Chanukah, or Hanukkah, pronounced [χanuˈka] in Modern Hebrew, the Jewish Festival of Lights, is an eight-day holiday commemorating the Maccabees rededication of the Temple in Jerusalem, and the small amount of oil that somehow kept burning for eight days.
Did you know that many of the well-known Christmas songs, the ones we hear every year at this time, everywhere we go, in the malls, elevators, on radio and TV, tunes like “White Christmas” (Irving Berlin), “Let it snow Let it snow” (Sammy Cahn and Jule Styne) and Rudolph the Red-Nosed Reindeer (Johnny Marks), were written by Jews, but after all these years there still isn’t a great Hanukah song (and please don’t mention the silly kids tune Raffi made famous over 30 years ago)
- I have a little dreidel, I made it out of clay.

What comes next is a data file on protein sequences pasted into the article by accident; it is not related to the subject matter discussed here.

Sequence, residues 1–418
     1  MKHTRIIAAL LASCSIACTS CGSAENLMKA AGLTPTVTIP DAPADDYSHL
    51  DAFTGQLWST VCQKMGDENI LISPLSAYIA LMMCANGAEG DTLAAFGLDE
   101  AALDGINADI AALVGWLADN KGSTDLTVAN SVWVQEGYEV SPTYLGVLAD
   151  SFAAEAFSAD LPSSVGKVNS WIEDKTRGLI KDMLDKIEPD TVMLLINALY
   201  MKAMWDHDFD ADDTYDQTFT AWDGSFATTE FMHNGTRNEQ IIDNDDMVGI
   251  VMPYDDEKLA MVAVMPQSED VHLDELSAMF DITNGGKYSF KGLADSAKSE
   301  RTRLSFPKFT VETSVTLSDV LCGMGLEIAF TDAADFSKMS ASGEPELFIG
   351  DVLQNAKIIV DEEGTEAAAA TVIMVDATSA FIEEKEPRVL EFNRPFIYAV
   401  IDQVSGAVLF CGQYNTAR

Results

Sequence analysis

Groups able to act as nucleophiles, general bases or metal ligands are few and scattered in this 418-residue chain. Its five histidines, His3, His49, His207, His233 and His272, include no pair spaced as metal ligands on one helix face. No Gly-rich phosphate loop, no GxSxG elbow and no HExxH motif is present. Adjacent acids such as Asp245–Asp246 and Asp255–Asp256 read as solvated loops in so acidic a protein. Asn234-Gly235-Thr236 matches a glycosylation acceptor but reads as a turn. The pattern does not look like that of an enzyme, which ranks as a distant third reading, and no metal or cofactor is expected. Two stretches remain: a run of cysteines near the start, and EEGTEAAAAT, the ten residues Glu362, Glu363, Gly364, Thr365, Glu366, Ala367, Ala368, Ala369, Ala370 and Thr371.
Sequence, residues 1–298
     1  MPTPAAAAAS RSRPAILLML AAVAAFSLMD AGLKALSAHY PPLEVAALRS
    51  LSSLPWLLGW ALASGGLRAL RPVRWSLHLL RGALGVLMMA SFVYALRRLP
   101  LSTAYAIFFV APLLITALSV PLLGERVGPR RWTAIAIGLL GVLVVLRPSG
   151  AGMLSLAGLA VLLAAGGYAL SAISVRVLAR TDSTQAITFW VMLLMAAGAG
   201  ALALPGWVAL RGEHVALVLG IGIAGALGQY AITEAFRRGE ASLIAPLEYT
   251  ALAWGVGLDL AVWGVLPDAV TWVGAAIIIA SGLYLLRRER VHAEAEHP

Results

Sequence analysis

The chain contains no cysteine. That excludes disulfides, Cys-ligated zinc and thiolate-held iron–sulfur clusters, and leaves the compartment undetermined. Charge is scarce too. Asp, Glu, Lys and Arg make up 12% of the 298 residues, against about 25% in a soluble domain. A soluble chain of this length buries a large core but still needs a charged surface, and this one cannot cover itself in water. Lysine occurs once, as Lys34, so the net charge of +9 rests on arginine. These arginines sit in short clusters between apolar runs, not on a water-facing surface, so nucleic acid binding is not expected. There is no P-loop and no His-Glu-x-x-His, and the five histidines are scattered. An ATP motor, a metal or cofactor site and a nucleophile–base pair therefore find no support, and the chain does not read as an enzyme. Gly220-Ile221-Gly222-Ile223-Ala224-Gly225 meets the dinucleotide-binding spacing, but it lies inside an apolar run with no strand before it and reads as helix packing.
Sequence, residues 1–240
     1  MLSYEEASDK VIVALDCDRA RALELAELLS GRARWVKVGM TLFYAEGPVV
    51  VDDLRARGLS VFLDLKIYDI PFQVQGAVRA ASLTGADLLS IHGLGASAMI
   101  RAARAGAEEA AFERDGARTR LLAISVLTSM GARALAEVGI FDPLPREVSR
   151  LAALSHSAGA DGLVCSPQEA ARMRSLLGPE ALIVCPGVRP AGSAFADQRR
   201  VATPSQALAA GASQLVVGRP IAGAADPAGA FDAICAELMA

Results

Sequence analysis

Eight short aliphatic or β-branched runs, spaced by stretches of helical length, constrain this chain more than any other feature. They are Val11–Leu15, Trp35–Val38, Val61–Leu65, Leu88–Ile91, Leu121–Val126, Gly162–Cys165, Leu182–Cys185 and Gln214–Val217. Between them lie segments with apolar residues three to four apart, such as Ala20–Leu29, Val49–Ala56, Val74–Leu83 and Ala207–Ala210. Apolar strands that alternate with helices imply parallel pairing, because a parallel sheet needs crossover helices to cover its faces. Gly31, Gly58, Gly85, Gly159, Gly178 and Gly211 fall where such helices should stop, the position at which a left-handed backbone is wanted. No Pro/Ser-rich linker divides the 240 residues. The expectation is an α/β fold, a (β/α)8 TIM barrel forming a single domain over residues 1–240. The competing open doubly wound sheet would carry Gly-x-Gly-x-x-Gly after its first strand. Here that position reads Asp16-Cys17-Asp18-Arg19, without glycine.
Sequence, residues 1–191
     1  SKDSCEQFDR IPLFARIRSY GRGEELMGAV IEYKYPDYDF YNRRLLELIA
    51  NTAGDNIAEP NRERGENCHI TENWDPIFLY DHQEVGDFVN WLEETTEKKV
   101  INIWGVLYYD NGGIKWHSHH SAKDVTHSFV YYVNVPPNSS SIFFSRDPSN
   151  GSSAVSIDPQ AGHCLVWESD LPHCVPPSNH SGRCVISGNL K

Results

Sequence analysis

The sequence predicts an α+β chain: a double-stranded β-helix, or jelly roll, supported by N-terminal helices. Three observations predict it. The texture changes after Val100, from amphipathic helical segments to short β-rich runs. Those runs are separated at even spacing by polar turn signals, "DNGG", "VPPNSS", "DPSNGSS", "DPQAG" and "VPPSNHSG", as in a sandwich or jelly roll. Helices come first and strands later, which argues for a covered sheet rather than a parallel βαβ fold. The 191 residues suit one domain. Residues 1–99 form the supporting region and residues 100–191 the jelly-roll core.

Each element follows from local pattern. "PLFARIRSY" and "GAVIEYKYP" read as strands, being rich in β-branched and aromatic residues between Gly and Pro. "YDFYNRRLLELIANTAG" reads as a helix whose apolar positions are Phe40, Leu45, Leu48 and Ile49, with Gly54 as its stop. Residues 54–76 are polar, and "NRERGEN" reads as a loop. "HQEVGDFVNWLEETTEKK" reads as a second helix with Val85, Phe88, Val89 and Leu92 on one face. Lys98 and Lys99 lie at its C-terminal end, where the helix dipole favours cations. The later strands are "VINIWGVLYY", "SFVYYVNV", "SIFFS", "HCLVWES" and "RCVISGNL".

And when it’s dry and ready, then dreidel I shall play.
Remember Adam Sandler’s Hanukkah song on Saturday Night Live?
I don’t suppose you’d know the 100 singers of Angel City Chorale because they didn’t get too many YouTube hits (only just over 800 this evening). Click on the link and listen to Karen Hart’s amazing voice.
“Part rap, part gospel, part humor, and a whole lot of soul” written by soloist Karen Hart. Conducted by Sue Fink.
Sheet music for your choir
And finally, the Maccabeats, New York Yeshiva University‘s 14-member a cappella group singing “Candlelight”
- Based on Mike Tompkins’ a cappella version of Taio Cruz’s “Dynamite”
Video created by Uri Westrich
Lyrics to the song
The Maccabeats song explains the story of Hanukkah, describes foods like latkes and customs like the dreidel,
“I flip my latkes in the air sometimes, singing ay-oh, spin the dreidel,”
and gave them what they’d hoped for – it’s gone viral – in about a week there’s been almost a million views on You-Tube, TV shows are calling, and according to the Washington Post, they’re now receiving requests every four minutes, including one from the chief rabbi of London.
Is this going to be the every single December song?
Thanks to Alan G who told me about the Maccabeats